Ctrl+W in the mac terminal to delete a word (deletes from where the cursor is at to the beginning of the word)
How do I do the opposite - deletes from where the cursor is to the end of the word?
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This depends on your shell and its active command line editing mode.
For a shell with Emacs command line editing mode (
set -o emacs in some shells), use Alt+D (this doesn't work on macOS for whatever reason, but prints the character
∂, use Escd instead).
For a shell with Vi command line editing mode (
set -o vi in some shells), use Escdw (this does work on macOS as well).
In the Linux terminal, you can try Ctrl+K to delete from the cursor to the end of the line.
There are few other shortcuts such as:
EOF; typically, exit the shell. Otherwise, delete the character after the cursor.
For the tty line discipline,
^W deletes the previous white-space delimited word.
vi editor in insert mode,
^W deletes backward to the start of the first sequence of alnums or non-alnums (on
foo-+-bar.. baz, it first deletes
^W deletes from the cursor position to the mark (the one you set with Ctrl+Space).
Some line editors like
readline (used by
zle (used by
pdksh's when in
vi mode, behave like
vi in that regard and when in
emacs mode behave like the tty line discipline (not
libedit (used by BSD shells or (optionally)
emacs mode, behave like
^W deletes to the mark (initially at the beginning of the buffer).
For deleting a word forward, in the
vi editor, you'd do it in command (normal) mode with
dw to delete to the beginning of the next sequence of alnums or non-alnums (or the end of the line) and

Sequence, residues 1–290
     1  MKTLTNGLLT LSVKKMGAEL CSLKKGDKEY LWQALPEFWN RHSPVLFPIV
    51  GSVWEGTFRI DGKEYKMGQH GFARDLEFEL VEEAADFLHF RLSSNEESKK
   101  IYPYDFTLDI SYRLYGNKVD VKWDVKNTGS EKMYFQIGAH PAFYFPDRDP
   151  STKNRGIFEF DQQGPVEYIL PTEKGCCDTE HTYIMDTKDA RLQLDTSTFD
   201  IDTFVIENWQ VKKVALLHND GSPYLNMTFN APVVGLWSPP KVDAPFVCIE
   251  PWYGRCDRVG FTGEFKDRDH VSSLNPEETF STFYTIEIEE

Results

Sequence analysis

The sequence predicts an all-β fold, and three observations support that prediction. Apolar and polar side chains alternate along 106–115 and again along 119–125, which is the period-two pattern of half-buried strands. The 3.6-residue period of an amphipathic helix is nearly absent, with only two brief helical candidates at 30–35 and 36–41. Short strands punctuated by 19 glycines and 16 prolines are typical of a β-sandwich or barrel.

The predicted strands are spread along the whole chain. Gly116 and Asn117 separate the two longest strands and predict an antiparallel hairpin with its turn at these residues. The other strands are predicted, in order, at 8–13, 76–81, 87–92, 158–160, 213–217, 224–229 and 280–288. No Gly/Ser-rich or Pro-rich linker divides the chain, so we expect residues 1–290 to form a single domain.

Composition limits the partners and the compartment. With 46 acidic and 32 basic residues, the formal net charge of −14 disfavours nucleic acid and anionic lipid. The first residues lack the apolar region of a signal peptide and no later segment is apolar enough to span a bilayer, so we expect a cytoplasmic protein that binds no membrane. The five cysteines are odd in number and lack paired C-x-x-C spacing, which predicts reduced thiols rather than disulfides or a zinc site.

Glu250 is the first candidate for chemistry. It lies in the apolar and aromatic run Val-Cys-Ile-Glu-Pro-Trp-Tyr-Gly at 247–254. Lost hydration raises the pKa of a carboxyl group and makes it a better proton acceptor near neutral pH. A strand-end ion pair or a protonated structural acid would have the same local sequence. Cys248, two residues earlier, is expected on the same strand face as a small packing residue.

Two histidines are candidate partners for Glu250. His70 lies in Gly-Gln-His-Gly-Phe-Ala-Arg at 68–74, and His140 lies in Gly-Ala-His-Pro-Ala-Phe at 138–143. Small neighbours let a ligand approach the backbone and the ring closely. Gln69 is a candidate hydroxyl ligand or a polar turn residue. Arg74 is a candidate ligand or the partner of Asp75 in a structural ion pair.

dW to delete to the next sequence of non-blanks (the pendant of the
^W of the tty line discipline).
emacs line editor, Meta-D would delete to the end of the next sequence of alnum characters. The word motion operators (Meta-B, Meta-F) behave similarly.
command line editors, when in
vi mode, behave like
vi, but in
emacs mode, you have two main schools: the
tcsh school and the
ksh school (
yash) behaves mostly like
fish's behaviour is slightly different in how it treats non-alnum, non-whitespace characters in both
tcsh school (
zsh), word motions are based on whitespace-delimited words so are consistent with the tty line discipline's
^W in that regard.
zsh, the behaviour is customizable with different word styles for all the word motion widgets.
readline, you can get the
tcsh school (and have Meta-D delete the same kind of word as Ctrl-W does) by adding to your
set keymap vi-move "\e[EMACS~": emacs-editing-mode set keymap emacs "\e[VI~": vi-movement-mode "\ed": "\e[VI~dW\e[EMACS~" "\ef": vi-fWord "\eb": vi-bWord
Or on the other hand, align
^W to the other word motion widgets (behave like Meta-Backscape) with:
set keymap emacs "\C-W": backward-kill-word
As to what the Meta key is, see there.